Can you read "Tiranny of the note?"

The reason Dentists and some other EHR systems (veterinarians comes to mind) are satisfied with their systems is they don't have to document the "leaves" in detail in order to get reimbursed.  As a result the signal to noise ratio is huge compared to most physicians who have sold their souls and now have to grind out excruciatingly detailed notes in order to get fairly reimbursed.

I'm sure if the dentists and vets had to record the same type of notes we physicians have to document there would be no penetration of EHR-like products in their offices.

Either change the reimbursement mechanism or change the rules around documentation and reimbursement so we can stop documenting notes and concentrate on improving the accuracy and integrity of the important parts of the patient's issues.

We also need to change the rules as to who can document what.  Forcing a physician to do everything doesn't provide any of the participatory process that used to exist in paper.  EHR's have taken away a paper based clinic's freedom to leverage the wetware of the employees as with a digital system audit trails can show who's putting in what.

Having said all of this it's still not hard to make things work.  I've been successful in eliminating a lot of noise by incorporating photographs within a large portion of my medical records.  Trouble is photographs are not part of the CCD or similar protocols that are the base for HIE's.  So some downstream readers see a very sparse note.  Fortunately our coders tick off the credits for complete exams when photos are part of the examination.

The more attention we can divert from clinical notes to improving the accuracy of the problem list, all of the past procedures and any of the JHCAHO 5 elements the more valuable the EHR becomes.  The more time and attention is spent on the clinical note the less valuable the EHR becomes.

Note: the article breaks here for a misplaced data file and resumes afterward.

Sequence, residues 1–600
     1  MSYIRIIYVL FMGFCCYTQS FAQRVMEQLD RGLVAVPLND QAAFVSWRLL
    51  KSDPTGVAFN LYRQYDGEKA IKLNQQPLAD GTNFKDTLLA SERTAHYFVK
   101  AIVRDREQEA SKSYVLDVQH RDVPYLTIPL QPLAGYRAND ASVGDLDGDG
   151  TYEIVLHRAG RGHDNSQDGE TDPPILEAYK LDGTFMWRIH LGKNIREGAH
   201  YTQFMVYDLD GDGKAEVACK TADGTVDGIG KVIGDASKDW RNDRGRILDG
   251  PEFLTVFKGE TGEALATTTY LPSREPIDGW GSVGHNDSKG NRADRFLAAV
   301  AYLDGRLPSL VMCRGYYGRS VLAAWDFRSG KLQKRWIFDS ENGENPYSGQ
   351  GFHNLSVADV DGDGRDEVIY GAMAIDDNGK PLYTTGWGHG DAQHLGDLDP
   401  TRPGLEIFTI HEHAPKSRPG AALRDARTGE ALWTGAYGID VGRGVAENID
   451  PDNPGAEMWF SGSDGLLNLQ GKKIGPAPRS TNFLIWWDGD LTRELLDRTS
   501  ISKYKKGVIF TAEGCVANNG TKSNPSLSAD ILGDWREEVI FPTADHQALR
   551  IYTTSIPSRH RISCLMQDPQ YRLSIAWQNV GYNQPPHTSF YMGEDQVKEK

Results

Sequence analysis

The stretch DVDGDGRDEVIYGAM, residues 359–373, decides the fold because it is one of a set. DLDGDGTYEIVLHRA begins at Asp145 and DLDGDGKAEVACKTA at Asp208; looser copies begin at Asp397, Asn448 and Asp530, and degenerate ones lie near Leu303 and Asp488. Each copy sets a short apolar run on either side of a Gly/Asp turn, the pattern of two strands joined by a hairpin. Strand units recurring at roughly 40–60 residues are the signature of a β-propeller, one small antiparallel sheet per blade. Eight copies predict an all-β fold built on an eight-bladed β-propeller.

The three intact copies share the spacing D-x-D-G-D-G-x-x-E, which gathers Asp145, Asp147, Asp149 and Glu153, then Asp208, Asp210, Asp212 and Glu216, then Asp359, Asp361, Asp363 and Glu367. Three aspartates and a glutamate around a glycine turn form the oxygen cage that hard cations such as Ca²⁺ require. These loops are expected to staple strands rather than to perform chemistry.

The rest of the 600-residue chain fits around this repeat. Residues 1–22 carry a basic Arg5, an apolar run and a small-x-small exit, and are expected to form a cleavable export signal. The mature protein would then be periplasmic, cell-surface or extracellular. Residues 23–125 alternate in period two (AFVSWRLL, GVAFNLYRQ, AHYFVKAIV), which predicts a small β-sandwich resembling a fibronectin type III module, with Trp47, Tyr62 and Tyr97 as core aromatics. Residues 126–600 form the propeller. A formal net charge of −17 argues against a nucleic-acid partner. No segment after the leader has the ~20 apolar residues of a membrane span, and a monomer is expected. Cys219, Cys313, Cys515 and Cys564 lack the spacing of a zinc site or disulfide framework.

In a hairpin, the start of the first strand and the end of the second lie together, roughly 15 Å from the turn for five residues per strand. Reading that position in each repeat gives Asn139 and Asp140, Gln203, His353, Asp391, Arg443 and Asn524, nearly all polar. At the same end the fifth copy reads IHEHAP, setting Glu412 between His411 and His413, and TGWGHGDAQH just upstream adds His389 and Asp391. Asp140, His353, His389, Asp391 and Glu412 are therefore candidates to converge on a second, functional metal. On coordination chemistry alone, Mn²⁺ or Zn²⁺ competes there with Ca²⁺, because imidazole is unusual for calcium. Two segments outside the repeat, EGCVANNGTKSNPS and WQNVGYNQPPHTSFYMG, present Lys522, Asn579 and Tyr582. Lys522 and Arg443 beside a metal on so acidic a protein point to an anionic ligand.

Finally getting the patient to help with the documentation is a clear winner. Not only do they wind up telling a better story but they get involved in improving the accuracy of the documentation.  We've remodeled our clinics around this so the patients and physcians can work in parallel in a way we could never do in a paper world.  Documented this a long time ago in a blog http://vorand1125.wordpress.com

David Voran, MD
ZibdyHealth
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ZibdyHealth,
User Rank: Apprentice
2/12/2014 | 2:38:00 PM
Re: No dumb questions
David Voran,

You hit the nail on the head. We need to involve patient in keeping their records. Care providers will get much better patient participation and hopefully this will improve outcomes. To do this we need to make these software packages very simple. Can our moms or grandma handle these records? Someone working in retail without any real knowledge of healthcare, can they manage it. It has been done for other industries and we are trying to do just that with our platform.

Another thing you mentioned, we need to separate out patient care from billing. We get it that billing is critical but so it patient care. One can't have two competing interests without compromising somewhere. Current commercial systems are build for billing. There is a spearate debate if providers need all the explanations to get paid for their work. You are correct with your assumptions why dentist like their EDRs.
Laurianne
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Laurianne,
User Rank: Author
2/12/2014 | 4:00:44 PM
Re: No dumb questions
I disagree that patients are dying to manage their own records. Anyone else agree with me?
ZibdyHealth
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ZibdyHealth,
User Rank: Apprentice
2/12/2014 | 4:47:02 PM
Re: No dumb questions
Hi Laurianne,

I did not say that patients are dying to manage their records. In most of the world with exception to 4-5 countries, patient manage their own records. It helps that records are on paper and everyone knows how to keep a folder full of papers. Healthcare apps make 40% of downloaded apps in Brazil.